Beliefnet
Adapted from "Righteous Riches" with permission of Oxford University Press.

"Yo quiero lo mio!" A young Hispanic woman unflinchingly demands. She seems to be looking right at me across the distance between her as a televised image and me as a bleary-eyed, early-Sunday morning-before-church channel surfer. "I want my stuff-RIGHT NOW!" a professionally dressed African American man demands, bouncing boxer-style on his toes for extra emphasis. An African American woman signs the phrase with an intensity that mirrors that of the spoken words. So forcefully do they convey a sense of authority and urgency as they lay their claim to their "stuff" that I find myself caught up in the collective effervescence of the moment. It is all I can do to keep myself from adding mine to their chorus of voices "YEAH, I WANT MY STUFF RIGHT NOW, TOO!"These are the opening moments of a commercial for the Faith teacher Creflo A. Dollar's videotape series Laying Hold of Your Inheritance: Getting What's Rightfully Yours. The spot continues with two short excerpts from this dynamic, African American minister's message to the believer. With great passion, his arms extended before him, he entreats the viewer: "God knows how to lay hold of the invisible until it becomes visible; all He wants us to do is be like Him!" In another clip he very animatedly, and with eyes wide, shouts in a rapid-fire cadence: "You already possess everything that you're trying to get ahold of. But we gotta learn how to seize it; we gotta learn how to lay hold of the invisible!" The voiceover continues: "Learn how to get what's rightfully yours with our monthly product offer Laying Hold of Your Inheritance. To order this powerful four-tape series, write to the address or call the number on the screen."This advertisement for Pastor Dollar's tape series was aired at the end of the weekly broadcast of "Changing Your World," an outreach production of World Changers International Ministries. This is the 20,000-member, African American megachurch in College Park, Georgia, that was founded and is co-pastored by Dr. Creflo Dollar and his wife, Taffi. The ministry was one of several profiled in an Ebony magazine article on megachurches, with congregations of 10,000 to 25,000, in predominately African American communities across the country. On the morning I saw it, that 30-second television spot seemed to crystallize the spirit of the Word of Faith Movement.Many of today's high-profile teachers of the Faith Message are well-dressed, energetic, and politically and financially savvy African American men, like Pastor Dollar, Pastor Fred Price of Crenshaw Christian Center in South Central Los Angeles, and Pastor Keith Butler of the Word of Faith International Christian Center in Southfield, Michigan. It would be inaccurate, however, to think of the Word of Faith as a Black religious movement. The movement has attracted followers from a broad demographic spectrum throughout the United States and in many countries abroad since its emergence in the 1960s and 1970s. This movement and its message have fired the imaginations and inspired the faith of thousands (and perhaps even millions) of followers the world over. Nevertheless, it is worth examining the implications, in the religious history of African Americans, of a movement that teaches that here and now is where God wishes to "prosper" the faithful. Today's movement may appear to be a new development to some observers, but the Word of Faith Movement actually stands in a long line of similar religious movements to emerge in twentieth-century America-movements that have synthesized New Thought metaphysics with evangelical, charismatic Christianity. As in today's Word of Faith Movement, African Americans have played a significant part in these earlier movements.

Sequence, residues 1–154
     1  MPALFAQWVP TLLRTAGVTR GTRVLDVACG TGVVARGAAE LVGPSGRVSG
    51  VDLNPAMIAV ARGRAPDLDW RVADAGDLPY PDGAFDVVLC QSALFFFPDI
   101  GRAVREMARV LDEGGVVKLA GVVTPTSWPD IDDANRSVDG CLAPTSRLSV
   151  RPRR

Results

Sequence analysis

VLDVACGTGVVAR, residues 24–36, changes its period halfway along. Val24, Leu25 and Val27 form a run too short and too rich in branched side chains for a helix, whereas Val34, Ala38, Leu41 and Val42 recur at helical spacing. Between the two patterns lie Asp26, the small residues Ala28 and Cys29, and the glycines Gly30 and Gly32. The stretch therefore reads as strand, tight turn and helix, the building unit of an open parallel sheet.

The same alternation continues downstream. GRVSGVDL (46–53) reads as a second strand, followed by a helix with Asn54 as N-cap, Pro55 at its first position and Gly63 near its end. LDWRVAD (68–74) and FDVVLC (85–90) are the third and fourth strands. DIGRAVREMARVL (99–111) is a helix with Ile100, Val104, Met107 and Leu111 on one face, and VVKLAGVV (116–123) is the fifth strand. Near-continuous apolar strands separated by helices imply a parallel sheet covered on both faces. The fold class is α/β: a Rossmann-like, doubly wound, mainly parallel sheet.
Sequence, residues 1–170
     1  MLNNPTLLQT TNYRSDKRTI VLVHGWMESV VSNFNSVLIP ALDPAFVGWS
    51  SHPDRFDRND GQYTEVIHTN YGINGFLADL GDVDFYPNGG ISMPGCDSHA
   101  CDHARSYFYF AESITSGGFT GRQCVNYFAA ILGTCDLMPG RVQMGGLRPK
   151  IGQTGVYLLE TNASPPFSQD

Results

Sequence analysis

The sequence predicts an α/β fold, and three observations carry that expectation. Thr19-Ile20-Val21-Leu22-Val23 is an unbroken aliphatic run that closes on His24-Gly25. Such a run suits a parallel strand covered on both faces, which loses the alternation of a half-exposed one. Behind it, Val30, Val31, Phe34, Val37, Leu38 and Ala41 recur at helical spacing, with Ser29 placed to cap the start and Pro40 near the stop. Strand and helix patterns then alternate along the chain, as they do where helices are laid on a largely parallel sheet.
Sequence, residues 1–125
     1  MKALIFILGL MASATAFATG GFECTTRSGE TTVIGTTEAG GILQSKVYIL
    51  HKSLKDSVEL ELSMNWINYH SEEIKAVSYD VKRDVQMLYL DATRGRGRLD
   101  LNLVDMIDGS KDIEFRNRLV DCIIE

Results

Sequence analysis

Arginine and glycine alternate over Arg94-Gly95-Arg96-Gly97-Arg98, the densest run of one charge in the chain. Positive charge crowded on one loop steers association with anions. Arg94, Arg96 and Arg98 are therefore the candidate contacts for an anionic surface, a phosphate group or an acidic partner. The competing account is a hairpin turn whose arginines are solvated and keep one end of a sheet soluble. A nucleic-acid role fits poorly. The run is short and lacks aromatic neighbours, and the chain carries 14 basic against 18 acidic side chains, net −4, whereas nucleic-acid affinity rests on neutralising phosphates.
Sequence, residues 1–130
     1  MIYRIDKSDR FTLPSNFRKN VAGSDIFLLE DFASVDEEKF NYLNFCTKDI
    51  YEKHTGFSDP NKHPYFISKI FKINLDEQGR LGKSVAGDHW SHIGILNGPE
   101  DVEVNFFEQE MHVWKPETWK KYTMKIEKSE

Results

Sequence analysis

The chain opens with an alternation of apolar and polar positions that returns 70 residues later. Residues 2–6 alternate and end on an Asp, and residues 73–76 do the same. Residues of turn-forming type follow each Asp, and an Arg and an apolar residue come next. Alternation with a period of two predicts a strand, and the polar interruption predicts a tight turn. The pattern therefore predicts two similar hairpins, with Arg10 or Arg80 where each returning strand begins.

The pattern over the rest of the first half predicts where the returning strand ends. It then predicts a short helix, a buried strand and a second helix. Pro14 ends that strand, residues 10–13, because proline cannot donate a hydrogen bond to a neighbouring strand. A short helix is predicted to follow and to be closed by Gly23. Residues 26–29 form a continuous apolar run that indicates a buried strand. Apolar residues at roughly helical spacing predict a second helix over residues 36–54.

The religion and religious institutions of African slaves and their descendants in America have always had to be concerned with the material, social, political, and spiritual needs of their followers. To limit ministry to the spiritual realm was a luxury they could not afford, given the legacy of slavery and their post-Emancipation experience of discrimination. It was the role of Black churches and other religious institutions in their communities to take up the slack and meet the needs of the people. Many in the Word of Faith Movement claim to possess some new revelation of God's divine plan, but in reality the Faith Message is not a body of new teachings, despite its differences from past prosperity teachings and movements.***Today's Faith Message is a synthesis of more than one belief system: one strand comes from contemporary evangelicalism's emphasis on the "born again" experience and on the inerrancy and absolute authority of the Bible in all matters; another part draws on the beliefs and practices of the charismatic movement's free operation of the gifts of the Spirit, based on the biblical account of the day of Pentecost in the book of Acts. However, it is its New Thought strand that promises believers prosperity and other earthly rewards if they will learn to apply certain principles in order to "real-ize" God in everyday life and situations. There is a strong practical, instrumental accent in New Thought metaphysical philosophies. Once believers learn to think, or "meditate," correctly (or "hygienically") and then speak accordingly, they have access to a power that comes directly from God and is made available to them as, at least in the case of the Word of Faith Movement, Christians through faith in Christ. Two people were responsible for introducing New Thought to the African American community through large ministries before today's Frederick K. C. Price: Johnnie Colemon and Frederick Eikerenkoetter, better known as "Reverend Ike."***Although they vary on a number of characteristics, a few things are common to each of these figures: (1) They all promised their followers, who were overwhelmingly from the poor and working classes of the Black community, the "good life" in this present world as well as in the next. (2) They incorporated New Thought metaphysics with the other teachings they espoused and disseminated to their audience; these ministries picked and chose (and mixed and matched) religious forms rather freely in times when this practice was not nearly as accepted as it is today. (3) They spoke out against social injusticein various ways, including (but not limited to) direct or indirect participation in politics. (4) Finally, they extended their charisma into the realm of marketing products and diversified economic pursuits and utilized mass media in the service of their messages.